In June 2015, Brazilian photographer Pedro Oliveira started a new personal project called Careful: Soul Inside. It’s a look into the lives of homeless people throughout the world using portraits. He engages with them, listens to their stories and shares their pictures. His goal is to bring awareness to the fine line that separates them from the rest of society and to make people see that they’re also people, too.
Oliveira began his journey with photography after moving to the USA. Until shortly before beginning this project, he’d never taken a picture. Then a friend suggested he buy a camera. He couldn’t see a reason why he should but got one anyway. Oliveira immediately fell in love with photography. He’s remained mostly self-taught with just a couple of workshops here and there.
He shoots much of his work with a Canon 6D, along with Canon 85mm f/1.2, 50mm f/1.2 (his favourite), 35mm f/1.4 and 24-105mm f/4 lenses. But he senses a camera upgrade may be coming. Perhaps a 5D Mark IV.
The inspiration for this project was almost becoming homeless himself as an 8 year old boy, along with his mother and two siblings after his father passed away. They spent a long time living in what used to be the garage of a neighbour. The experience says it made them practically invisible to society. But they managed to find a way out. For the homeless, it’s often worse, usually with almost nothing to help them get out of that situation.
Although this project has only been going on so far for two and a half years, it’s been well received garnering several awards. They say that in a single night, half a million people experience homelessness in the USA. That they either sleep on the streets or in a shelter. And it could happen to anybody.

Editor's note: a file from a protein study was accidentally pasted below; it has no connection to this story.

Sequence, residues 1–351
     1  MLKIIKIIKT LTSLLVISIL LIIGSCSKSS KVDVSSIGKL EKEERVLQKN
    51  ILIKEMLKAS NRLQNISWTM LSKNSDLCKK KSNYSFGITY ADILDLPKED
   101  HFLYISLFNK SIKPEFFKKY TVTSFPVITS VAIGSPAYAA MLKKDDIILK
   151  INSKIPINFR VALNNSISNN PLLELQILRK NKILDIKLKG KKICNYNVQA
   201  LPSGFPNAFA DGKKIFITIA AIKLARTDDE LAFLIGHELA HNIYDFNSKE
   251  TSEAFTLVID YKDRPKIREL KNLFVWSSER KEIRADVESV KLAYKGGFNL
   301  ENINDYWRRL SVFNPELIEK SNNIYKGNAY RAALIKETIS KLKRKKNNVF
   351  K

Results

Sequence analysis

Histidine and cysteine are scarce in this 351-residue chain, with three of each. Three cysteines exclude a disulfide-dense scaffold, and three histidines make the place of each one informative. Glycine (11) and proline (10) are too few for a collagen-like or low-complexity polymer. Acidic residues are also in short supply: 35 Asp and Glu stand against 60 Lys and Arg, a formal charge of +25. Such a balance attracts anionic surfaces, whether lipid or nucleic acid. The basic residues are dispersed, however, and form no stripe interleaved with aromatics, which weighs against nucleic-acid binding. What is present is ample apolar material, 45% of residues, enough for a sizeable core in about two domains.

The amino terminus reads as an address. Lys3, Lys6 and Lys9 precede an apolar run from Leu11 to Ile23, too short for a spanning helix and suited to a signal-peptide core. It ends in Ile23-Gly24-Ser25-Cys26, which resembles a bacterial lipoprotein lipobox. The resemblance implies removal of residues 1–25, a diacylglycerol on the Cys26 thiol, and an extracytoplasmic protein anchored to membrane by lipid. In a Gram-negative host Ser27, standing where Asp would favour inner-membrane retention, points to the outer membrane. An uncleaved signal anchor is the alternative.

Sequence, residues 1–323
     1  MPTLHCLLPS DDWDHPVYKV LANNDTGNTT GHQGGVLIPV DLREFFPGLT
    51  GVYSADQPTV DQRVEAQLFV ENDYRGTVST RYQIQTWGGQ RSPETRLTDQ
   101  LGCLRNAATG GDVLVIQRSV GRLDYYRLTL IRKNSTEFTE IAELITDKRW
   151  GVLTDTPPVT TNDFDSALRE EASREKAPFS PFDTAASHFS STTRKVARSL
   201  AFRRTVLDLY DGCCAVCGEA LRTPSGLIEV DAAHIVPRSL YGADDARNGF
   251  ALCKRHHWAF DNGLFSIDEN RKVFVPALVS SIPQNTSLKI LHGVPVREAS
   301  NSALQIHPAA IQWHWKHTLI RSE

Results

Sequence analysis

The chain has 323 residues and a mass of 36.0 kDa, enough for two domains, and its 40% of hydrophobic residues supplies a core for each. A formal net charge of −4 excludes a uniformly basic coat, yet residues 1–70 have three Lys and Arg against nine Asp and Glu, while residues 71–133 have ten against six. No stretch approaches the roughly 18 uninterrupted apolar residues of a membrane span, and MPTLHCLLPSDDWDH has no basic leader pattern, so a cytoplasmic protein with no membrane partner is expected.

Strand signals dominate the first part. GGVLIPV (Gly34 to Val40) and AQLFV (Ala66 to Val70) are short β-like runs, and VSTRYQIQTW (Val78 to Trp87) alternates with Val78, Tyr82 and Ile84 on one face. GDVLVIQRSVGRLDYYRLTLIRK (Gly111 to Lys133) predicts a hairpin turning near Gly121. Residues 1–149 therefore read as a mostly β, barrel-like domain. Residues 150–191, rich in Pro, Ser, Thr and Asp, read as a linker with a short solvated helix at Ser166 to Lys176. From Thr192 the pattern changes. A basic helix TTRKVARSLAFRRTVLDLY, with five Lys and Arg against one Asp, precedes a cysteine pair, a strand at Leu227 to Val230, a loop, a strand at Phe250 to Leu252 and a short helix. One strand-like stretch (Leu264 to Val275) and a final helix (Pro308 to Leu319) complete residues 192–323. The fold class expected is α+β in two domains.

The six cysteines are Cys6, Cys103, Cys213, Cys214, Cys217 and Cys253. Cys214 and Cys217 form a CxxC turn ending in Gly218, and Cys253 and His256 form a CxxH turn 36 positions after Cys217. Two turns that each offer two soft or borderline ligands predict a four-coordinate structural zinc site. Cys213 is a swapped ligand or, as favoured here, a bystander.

Engaging with and photographing the homeless has become part of Oliveira’s daily life now. His project started in Portland and includes subjects from all over the west US coast, as well as New York, Sao Paulo, Rio de Janeiro, London, Copenhagen and Amsterdam.
Oliveira attempts to show the subjects their final portraits after images are processed. He doesn’t always manage to reconnect with them, but on those occasions when he is able to share the final work with the subject, it’s always a positive reaction. One subject cried upon seeing her photograph, sad to see herself that way, but also found it very soulful and pretty.
The wider reaction, it seems, is a little more divisive. It’s received both positive attention and negative criticism. While some people believe that photographing homeless people is a form of exploitation, Oliveira disagrees. All of his subjects are fully aware of why he would like to shoot their portrait. They know that they will likely be published and their stories told. And he makes no profit from the project whatsoever. More of them object to his request than agree, and he won’t photograph them without their permission.
My portraits are highly socially driven, so if they can make someone stop for at least a second and think a little more on issues that take him or her out of their comfort zone, I will have accomplished my mission.
– Pedro Oliveira